Hard to please everybody

Last week celebrity Felix Bergsson declared the Icelandic gay scene as good as dead. And since, Facebook has been buzzing with comments from those who either agree or oppose. Many of whom want to see some kind of changes brought about. But how exactly do you please a target group which is both small and extremely diverse? And at the same time maintain a profitable business? To get some answers we decided to call in the experts, namely the people who’ve already been in the business of running gay bars.

Diversity and discrimination don’t go along

Eva María Þórarinsdóttir and her girlfriend Birna Hrönn Björnsdóttir were managers of Trúnó, a gay café, and Barbara, a gay club, from 2011 to 2012. Both places closed down when they left to work full-time at their travel agency, Pink Iceland.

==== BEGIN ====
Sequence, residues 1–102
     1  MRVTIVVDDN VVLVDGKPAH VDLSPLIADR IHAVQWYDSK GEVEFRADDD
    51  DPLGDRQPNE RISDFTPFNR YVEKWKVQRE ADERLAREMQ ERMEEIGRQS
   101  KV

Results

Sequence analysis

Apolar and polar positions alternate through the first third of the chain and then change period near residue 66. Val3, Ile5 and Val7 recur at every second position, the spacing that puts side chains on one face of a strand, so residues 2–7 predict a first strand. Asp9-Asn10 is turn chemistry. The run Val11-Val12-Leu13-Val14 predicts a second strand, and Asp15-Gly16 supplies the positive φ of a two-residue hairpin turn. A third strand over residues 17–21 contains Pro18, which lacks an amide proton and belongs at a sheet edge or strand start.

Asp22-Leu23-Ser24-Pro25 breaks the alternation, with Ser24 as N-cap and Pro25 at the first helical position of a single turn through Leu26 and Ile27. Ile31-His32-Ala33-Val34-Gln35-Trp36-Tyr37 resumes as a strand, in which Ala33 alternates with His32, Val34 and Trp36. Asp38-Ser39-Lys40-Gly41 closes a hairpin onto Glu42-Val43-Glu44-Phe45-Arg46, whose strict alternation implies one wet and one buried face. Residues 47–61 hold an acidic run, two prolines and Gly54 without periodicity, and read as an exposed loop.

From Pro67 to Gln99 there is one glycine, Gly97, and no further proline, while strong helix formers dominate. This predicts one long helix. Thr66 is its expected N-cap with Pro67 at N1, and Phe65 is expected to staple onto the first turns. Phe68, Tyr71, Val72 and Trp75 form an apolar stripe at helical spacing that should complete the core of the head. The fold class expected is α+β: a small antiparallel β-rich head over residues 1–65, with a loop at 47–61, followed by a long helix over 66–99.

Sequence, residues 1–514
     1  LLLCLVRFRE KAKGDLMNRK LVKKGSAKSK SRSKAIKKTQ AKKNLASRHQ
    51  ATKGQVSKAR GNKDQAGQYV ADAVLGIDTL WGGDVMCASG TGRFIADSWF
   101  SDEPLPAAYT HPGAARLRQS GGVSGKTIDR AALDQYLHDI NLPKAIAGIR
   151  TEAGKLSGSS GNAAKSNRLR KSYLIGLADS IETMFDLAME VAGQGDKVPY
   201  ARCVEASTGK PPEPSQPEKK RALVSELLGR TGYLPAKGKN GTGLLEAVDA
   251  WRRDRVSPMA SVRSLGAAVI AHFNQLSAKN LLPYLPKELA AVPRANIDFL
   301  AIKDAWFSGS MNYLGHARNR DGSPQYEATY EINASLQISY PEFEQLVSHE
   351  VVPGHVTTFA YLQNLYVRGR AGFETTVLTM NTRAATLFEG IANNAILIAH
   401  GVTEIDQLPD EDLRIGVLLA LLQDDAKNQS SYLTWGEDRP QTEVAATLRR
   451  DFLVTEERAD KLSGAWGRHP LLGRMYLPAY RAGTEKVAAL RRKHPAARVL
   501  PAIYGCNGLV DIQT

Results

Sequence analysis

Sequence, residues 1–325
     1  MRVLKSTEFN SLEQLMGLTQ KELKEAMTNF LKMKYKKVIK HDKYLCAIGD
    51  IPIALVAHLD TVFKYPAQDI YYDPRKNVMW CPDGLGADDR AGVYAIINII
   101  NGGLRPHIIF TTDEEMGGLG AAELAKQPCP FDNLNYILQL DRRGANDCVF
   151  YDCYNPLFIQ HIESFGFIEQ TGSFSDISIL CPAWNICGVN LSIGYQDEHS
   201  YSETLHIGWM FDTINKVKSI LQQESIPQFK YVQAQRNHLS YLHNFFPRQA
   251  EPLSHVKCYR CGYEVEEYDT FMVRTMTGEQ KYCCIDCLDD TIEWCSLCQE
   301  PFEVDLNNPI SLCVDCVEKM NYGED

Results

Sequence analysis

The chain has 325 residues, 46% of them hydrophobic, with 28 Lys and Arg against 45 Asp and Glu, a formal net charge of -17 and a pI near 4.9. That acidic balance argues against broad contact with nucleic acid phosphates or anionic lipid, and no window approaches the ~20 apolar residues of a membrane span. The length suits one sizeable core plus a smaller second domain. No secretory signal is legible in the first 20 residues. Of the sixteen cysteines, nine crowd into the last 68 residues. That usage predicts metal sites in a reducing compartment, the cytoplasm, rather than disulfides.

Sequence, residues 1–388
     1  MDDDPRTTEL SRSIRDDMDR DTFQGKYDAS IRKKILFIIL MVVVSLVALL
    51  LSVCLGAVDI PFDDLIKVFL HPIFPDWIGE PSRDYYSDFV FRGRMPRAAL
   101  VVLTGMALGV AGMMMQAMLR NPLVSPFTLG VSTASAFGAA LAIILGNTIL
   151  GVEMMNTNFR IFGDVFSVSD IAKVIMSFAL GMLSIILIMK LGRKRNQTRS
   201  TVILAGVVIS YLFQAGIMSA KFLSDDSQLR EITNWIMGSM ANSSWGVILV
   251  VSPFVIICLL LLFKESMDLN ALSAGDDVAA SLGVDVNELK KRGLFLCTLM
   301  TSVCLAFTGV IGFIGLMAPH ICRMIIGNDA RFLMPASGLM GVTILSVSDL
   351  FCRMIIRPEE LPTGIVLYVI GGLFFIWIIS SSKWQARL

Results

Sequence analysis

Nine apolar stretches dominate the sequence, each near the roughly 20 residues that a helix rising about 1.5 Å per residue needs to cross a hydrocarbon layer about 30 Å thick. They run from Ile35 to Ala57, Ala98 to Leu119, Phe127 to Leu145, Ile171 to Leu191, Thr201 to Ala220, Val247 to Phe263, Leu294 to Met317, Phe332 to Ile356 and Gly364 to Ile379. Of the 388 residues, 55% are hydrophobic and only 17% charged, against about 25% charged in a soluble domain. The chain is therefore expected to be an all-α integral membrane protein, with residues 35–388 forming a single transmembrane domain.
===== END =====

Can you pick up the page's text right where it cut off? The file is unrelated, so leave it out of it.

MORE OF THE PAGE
When it comes to the gay scene Eva María thinks that the younger and older generations might be after different things.

“At that time, Trúnó was a great addition to the gay scene in Reykjavík because there hadn’t been any official gay café here for years,” explains Eva María. “Barbara was very much like Kiki is today, a great place to go dancing. Therefore the only way to meet others like you was on the dance floor. Whereas with Trúnó, you could go there for a lunchtime pizza and possibly meet the love of your life too.”

Eva María says that when you’re running a gay bar, it is impossible to exclude those who’re not part of the target group. “It can be very difficult to control the traffic in a place like Kiki, which is supposed to welcome everybody and embrace diversity. So how can you discriminate against people and not allow straight people to enter? There’s a fine line there that you have to be careful with.